Organ Donation- do we know enough?
Ensuring that the UK “makes a success of Brexit” was the key theme of the Queen’s Speech 2017 (21June). It included eight bills to deal with the major constitutional and legal changes required as the UK leaves the EU. (See our related blog).
One of the follow up debates on the Queen’s Speech (26 June) centred upon foreign affairs and defence. How the UK operates on a global stage post-Brexit in terms of trade and regulatory cooperation is a key question. One of the answers to this appears with the presentation of an International Sanctions Bill. The Bill is designed to support the UK’s role as a “leading player on the world stage, by establishing a new sovereign UK framework to implement international sanctions on a multilateral or unilateral basis.”
Sanctions have been frequently imposed by the EU in recent years, either on an autonomous EU basis or implementing binding Resolutions of the Security Council of the United Nations. The Government seeks to ensure that the UK continues to play a central role in negotiating global sanctions to counter threats of terrorism, conflict and the proliferation of nuclear weapons post-Brexit. Whilst the UK would no longer be within the EU regime, it is worth re-calling that the UK Government is a permanent member of the UN Security Council, independent of its current EU membership.
The Government’s “background notes” accompanying the Queen’s Speech set out how legislation in this area will “enable the UK to continue to impose, update and lift sanctions regimes both to comply with our international obligations and to pursue our foreign policy and national security objectives” post-Brexit. The UK currently implements 34 sanctions regimes, which “aim to influence a change in unacceptable behaviour, constrain activities like a country’s nuclear or chemical weapons programme, or communicate a strong message of disapproval.”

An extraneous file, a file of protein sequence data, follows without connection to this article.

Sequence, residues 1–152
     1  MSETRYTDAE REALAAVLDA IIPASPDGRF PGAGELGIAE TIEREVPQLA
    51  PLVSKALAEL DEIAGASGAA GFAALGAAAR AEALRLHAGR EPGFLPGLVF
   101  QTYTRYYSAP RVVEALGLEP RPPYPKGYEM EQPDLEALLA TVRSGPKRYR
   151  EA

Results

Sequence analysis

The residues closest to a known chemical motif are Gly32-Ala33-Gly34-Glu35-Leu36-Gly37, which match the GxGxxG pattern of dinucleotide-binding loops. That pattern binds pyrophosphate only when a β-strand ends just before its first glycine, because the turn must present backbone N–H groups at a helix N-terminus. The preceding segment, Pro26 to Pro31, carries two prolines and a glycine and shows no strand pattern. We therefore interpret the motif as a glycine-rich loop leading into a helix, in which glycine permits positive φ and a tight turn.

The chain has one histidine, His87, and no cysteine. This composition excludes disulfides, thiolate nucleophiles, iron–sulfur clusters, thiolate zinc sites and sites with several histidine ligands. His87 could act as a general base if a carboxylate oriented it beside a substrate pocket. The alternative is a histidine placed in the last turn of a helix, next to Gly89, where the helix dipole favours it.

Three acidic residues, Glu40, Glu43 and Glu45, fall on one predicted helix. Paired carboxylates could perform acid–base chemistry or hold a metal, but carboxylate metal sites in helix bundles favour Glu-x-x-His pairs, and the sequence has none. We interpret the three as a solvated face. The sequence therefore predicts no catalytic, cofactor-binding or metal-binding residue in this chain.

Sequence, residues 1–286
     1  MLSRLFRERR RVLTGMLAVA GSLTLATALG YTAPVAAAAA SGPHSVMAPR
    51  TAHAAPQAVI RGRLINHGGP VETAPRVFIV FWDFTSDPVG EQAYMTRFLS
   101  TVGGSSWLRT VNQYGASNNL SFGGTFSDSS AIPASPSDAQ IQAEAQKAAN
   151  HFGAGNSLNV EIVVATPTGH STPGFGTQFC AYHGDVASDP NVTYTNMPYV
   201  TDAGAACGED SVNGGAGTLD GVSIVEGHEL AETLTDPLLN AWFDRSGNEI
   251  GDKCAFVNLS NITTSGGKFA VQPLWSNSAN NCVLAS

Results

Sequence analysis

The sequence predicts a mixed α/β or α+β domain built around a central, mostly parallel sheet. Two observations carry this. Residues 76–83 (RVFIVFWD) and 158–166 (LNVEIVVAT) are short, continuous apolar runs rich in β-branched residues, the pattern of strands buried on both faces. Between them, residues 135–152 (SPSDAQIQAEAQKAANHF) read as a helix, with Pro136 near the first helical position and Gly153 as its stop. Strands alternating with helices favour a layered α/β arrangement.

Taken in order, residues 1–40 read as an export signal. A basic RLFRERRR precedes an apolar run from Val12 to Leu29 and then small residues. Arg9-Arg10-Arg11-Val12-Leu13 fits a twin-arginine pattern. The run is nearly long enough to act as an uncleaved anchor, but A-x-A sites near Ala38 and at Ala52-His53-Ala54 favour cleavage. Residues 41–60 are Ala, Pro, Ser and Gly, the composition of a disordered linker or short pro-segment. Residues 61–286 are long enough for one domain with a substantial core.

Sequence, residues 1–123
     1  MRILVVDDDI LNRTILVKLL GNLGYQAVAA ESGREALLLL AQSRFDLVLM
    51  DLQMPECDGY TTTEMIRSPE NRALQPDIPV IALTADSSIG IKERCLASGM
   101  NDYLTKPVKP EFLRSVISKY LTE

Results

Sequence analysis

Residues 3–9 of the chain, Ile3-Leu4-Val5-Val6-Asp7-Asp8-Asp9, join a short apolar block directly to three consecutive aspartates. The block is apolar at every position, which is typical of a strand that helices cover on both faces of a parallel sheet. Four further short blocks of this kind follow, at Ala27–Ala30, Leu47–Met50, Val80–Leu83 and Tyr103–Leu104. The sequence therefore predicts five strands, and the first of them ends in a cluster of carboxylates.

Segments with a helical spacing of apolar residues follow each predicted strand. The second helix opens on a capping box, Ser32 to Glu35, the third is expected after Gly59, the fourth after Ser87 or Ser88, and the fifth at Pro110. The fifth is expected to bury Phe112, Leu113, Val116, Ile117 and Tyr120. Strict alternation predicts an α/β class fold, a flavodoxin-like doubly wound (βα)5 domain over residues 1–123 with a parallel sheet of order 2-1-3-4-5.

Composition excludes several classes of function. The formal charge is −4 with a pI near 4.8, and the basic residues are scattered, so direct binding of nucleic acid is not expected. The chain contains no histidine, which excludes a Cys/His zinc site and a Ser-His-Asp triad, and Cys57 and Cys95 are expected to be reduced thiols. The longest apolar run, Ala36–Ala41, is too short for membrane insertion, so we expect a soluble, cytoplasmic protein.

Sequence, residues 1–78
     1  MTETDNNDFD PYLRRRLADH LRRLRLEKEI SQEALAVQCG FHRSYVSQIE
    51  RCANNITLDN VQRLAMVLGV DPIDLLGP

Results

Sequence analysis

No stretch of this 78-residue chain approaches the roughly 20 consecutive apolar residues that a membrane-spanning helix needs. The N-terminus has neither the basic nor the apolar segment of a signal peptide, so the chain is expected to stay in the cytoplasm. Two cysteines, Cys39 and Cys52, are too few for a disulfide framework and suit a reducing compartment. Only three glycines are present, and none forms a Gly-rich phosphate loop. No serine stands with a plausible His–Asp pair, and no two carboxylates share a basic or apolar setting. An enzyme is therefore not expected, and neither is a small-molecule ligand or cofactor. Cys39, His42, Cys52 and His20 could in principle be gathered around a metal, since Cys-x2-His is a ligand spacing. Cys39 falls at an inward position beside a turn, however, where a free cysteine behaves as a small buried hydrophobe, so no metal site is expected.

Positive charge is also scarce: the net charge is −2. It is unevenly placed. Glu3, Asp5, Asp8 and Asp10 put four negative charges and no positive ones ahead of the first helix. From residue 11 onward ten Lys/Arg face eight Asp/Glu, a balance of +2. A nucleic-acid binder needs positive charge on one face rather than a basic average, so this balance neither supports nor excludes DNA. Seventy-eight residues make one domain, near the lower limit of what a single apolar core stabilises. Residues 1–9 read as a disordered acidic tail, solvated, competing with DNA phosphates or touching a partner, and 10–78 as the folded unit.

A domestic legislative framework under the Bill will allow the Government to impose sanctions to ensure compliance with obligations under international law post-Brexit. These include: asset freezes, travel bans and trade and market restrictions. Alongside these measures, provisions can be set down to ensure individuals and organisations can challenge or request a review of the sanctions imposed on them. Under the new regime the Government will exempt or license certain types of activity, such as payments for food and medicine, which would otherwise be restricted by sanctions.
It will also be able to amend regulations for anti-money laundering and counter-terrorist financing and to pass new ones after the UK’s exit from the EU. (See related blogs on Money Laundering here).
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